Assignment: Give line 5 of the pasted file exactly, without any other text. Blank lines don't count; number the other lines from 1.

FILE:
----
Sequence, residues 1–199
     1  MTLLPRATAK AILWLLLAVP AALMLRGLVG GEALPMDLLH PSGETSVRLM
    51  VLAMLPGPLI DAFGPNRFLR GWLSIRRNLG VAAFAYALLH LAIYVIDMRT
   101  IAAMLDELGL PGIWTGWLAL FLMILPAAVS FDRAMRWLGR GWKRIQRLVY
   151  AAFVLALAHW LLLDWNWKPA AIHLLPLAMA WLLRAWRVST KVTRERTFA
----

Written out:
   151  AAFVLALAHW LLLDWNWKPA AIHLLPLAMA WLLRAWRVST KVTRERTFA